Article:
After having some experience with seabirds in Scotland, Norway, Canada and Alaska we wanted to watch and photograph penguins in Antarctica and the sub Antarctic islands: But how to get there? There is no possibility of individual travel in and around this huge continent. So after some research we decided to use a cruise ship as a base for our travel plans. Fortunately in 1993 we were asked to share a book project on Antarctica by a German (Munich based) publisher. They had already sent a photographer to Antarctica and needed text material on nature, ecology and species accounts. Both of our studies we cramped with scientific stuff on exactly these topics. So we did half of the books text. The other half – a text essay – was done by a well known travel author. This book appeared during spring 1994 sold very well. So we used it to appeal for jobs as bilingual biology and geography lecturers on the German- an US-managed ship “World Discoverer.” We were invited to come to the agency in Hamburg and… we got our favourite trips!
In September of 2014, my wife and I had the great fortune to take the trip of a lifetime to South Africa, Botswana and Zambia. The trip was more than a year in the planning which gave me the chance to think about what camera equipment I wanted to take along. Our itinerary was not one of the ones designed specifically for photographers however I had no doubt we would have plenty of opportunity to take pictures!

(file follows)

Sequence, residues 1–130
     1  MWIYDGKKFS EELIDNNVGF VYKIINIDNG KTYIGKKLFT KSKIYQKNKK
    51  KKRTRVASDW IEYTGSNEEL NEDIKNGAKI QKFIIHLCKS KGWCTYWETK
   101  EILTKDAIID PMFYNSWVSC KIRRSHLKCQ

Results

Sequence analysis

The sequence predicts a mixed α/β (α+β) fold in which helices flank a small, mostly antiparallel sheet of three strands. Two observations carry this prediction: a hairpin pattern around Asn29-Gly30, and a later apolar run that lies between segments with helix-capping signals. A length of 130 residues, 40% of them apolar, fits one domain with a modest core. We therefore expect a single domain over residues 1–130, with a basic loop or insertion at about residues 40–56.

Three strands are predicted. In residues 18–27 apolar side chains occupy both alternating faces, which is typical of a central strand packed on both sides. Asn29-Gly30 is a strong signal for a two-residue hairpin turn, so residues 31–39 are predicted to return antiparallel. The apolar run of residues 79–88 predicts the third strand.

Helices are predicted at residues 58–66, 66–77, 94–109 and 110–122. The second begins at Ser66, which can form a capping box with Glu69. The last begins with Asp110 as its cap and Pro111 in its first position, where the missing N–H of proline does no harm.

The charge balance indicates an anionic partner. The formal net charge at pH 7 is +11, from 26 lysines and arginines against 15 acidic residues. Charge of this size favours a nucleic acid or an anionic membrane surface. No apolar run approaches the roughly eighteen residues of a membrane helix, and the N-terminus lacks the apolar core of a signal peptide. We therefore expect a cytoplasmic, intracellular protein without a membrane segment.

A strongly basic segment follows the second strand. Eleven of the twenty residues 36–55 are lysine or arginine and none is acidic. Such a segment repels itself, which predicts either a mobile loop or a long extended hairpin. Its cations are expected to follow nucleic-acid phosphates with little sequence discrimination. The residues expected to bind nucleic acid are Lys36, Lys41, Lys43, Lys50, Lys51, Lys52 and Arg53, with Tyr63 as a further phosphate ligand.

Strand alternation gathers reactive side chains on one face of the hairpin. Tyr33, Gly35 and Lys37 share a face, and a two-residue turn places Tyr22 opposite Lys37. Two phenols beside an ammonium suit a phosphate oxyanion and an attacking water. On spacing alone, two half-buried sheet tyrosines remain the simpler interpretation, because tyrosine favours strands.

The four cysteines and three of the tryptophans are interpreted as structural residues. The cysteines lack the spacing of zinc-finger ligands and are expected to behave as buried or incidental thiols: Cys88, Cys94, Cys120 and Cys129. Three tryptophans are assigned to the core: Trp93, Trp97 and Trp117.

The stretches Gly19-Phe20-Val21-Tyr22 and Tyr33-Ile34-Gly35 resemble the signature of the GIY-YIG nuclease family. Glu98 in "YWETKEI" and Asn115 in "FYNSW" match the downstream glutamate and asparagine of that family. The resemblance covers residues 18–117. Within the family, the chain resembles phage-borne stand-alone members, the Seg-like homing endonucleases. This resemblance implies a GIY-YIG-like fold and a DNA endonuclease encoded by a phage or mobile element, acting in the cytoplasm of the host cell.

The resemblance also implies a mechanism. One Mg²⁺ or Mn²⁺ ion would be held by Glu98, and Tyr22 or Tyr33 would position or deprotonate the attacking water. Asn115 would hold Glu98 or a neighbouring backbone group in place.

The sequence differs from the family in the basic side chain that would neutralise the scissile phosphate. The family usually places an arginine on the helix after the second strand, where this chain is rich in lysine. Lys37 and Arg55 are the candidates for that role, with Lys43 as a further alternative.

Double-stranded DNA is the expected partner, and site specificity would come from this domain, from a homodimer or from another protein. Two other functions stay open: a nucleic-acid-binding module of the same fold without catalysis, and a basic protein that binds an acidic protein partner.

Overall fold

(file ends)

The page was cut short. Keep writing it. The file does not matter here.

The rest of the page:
I was recently asked how many concerts I’ve photographed, and realized that it is coming up on thousand in the last 15 years. Any given week you can find me shooting anything from a 20 person house concert to The Who in a 30,000 seat arena, and anywhere in between. Tonight, it will be an up-and-coming band called The Spring Standards, who I’ve shot 7 times in the past. They are a dynamic, high-energy band with a lot of emotion, character and flying hair to capture.
When I submitted my photos of Acadia National Park as a guest submission on Photography Life, I was amazed at the response, especially on the fact that the majority of photos were shot using a Nikon F100 with Fuji Velvia 50. Nasim contacted me to do an article on film considerations for landscape photography as a follow up. So this is my stab at it.
When I first received the box with my Feisol Tournament Tripod and CB-50D head, it was unbelievably light. I almost wondered if they forgot something in the shipment. When I opened the box I found a very nice looking carbon fiber tripod and ballhead, but how would this super light combo perform in the field? In this review, I will be going over my personal experience with the Feisol system and compare it to my Manfrotto setup that I have been using for several years.